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The Race To Redefine Radio

Rosalie Murphy |
May 25, 2011 | 6:46 p.m. PDT

Staff Writer

Apple is slated to enter the cloud-based music market next month. The Cupertino giant, however, will be the fourth in this fledging market, following Google, Sony and Amazon. Apple's service, reportedly called iCloud, promises to once again redefine the traditional media market, the radio.

A cloud-based music service stores music files in an online database, which allows users to stream them through an application. These databases, or “lockers,” then become available on any device with a broadband connection – TVs, PlayStations, laptops, desktops and cell phones, among others. Here, they act like FM stations, creating playlists tailored to a specific genre or theme. Some may even host commercials.

Unexpectedly, Amazon preempted Google and Apple to produce the industry’s first portable “music locker.” The Amazon Cloud Player allows users to upload their own music libraries to an independent server. After purchasing an album from Amazon’s MP3 store, users receive 20GB of free storage space. Then, within weeks of Amazon’s unannounced launch, Sony introduced “Music Unlimited” on their PlayStation 3 and scored what Amazon still lacks: contracts with music labels Universal, EMI, Warner and Sony. Users can stream about six million tracks from these labels in combination with their own libraries.

The home screen of Google's "Music Beta" cloud player. Via Creative Commons
The home screen of Google's "Music Beta" cloud player. Via Creative Commons

Google followed next, launching their service, “Music Beta” May 10. Like Sony’s player, Music Beta stores users’ music on remote servers accessed online. Additionally, users can download songs to an Android app for offline listening. But according to TG Daily, Google is still struggling for contracts like Sony’s that would allow users to stream or purchase music.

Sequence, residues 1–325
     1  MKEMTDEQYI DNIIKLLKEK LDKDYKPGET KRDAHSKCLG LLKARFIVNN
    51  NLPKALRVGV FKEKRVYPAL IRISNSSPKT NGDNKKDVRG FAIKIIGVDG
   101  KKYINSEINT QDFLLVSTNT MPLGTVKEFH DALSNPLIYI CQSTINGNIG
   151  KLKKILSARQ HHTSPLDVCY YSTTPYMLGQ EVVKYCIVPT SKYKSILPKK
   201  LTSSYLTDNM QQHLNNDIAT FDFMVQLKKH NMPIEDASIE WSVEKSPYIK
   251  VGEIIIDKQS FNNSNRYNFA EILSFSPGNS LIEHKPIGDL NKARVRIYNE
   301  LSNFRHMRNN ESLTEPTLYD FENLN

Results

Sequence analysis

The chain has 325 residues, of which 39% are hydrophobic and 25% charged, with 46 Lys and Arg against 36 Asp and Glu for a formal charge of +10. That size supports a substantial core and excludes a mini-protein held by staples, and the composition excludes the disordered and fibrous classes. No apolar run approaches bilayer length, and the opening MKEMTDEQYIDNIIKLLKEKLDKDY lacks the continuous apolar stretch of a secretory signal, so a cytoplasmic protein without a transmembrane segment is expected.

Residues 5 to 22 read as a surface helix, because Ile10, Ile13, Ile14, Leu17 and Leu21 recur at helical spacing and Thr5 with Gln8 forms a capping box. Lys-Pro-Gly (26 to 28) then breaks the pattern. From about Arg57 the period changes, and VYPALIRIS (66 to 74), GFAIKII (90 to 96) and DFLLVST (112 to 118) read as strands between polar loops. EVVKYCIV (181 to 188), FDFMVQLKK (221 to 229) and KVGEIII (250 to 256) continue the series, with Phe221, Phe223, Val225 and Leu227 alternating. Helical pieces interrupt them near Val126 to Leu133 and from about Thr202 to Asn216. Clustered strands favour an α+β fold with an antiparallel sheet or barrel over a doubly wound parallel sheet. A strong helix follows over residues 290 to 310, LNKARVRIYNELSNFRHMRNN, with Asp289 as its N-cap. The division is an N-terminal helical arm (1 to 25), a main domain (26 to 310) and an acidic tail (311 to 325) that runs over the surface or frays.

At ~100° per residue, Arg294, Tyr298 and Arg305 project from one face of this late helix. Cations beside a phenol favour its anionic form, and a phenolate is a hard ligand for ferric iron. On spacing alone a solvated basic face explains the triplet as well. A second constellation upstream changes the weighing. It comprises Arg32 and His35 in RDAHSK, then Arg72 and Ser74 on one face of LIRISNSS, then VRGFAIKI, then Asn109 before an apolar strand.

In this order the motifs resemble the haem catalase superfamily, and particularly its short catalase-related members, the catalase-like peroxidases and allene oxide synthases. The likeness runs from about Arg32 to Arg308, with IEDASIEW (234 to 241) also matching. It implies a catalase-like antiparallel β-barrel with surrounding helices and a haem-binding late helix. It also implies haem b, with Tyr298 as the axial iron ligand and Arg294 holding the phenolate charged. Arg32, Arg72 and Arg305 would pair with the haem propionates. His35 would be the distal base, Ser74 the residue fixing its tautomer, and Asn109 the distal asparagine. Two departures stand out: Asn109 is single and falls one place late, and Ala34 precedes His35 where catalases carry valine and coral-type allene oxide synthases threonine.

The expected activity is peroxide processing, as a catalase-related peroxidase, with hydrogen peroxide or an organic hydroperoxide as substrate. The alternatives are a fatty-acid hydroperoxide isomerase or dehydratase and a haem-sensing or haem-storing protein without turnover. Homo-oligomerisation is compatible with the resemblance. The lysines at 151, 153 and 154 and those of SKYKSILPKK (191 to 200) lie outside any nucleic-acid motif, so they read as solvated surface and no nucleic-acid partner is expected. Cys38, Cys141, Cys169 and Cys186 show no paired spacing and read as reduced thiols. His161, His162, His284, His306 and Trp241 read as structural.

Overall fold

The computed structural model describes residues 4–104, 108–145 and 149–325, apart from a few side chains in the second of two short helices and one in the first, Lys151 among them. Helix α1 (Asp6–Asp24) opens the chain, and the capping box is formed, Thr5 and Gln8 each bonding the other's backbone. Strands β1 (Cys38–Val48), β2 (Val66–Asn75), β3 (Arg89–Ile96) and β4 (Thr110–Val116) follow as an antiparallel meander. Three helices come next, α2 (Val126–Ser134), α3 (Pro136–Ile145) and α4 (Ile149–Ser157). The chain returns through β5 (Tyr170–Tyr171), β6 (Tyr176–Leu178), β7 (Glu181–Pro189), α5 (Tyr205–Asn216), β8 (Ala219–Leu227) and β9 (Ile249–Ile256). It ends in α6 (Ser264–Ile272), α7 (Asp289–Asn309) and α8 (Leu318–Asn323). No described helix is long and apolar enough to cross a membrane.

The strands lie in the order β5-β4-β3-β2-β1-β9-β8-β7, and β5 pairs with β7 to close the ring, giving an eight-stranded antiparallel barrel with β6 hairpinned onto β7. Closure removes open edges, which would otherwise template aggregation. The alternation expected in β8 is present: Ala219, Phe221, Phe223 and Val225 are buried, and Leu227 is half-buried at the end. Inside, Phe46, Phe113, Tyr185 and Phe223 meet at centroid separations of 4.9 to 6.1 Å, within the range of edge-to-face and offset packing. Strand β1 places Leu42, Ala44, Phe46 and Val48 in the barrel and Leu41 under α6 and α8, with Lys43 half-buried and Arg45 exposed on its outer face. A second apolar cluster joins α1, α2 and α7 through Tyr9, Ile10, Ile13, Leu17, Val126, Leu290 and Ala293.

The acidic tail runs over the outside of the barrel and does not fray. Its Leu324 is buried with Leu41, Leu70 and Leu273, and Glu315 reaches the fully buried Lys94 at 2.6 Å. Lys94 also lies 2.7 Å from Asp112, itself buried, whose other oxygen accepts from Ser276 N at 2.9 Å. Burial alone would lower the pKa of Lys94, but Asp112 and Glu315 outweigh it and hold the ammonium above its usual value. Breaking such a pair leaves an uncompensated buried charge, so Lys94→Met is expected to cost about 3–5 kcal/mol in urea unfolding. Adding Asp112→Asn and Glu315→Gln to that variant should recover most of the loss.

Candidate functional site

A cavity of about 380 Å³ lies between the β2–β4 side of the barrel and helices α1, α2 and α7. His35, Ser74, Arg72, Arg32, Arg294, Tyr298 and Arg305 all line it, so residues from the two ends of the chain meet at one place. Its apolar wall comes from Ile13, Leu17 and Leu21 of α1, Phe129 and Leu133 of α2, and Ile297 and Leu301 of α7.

Apple, however, is rumored to have signed at least three of these four essential labels. Such a deal would let Apple offer a subscription-based service accessible from any of its personal computers. Removing copyright limitations would essentially allow users to access any song at any time, without needing to purchase individual tracks or albums.

Expected on June 6 at Apple’s Worldwide Developers Conference, this announcement could all but negate the work of other developers, according to Wired.com:

“Apple… will be able to zing your music files around virtually. [Amazon and Google] must allow users themselves to copy the files up and down from the cloud, the way they would with an external hard drive sitting next to their computers. Which would you rather do? As it has in the past, Apple has allowed its competitors to enter this cloud music market first. And once again, by taking the time to cross its t’s and dot its i’s, it could come out on top.”

A hybrid of Pandora Radio and Youtube’s streaming ability, the iCloud and its competitors may finally unite the personal MP3 collection – portable for more than a decade – with traditional radio playlist technology. And without the limitations of a manually synced device, listeners will be able to access a station-sized library by swiping a touch-screen finger.


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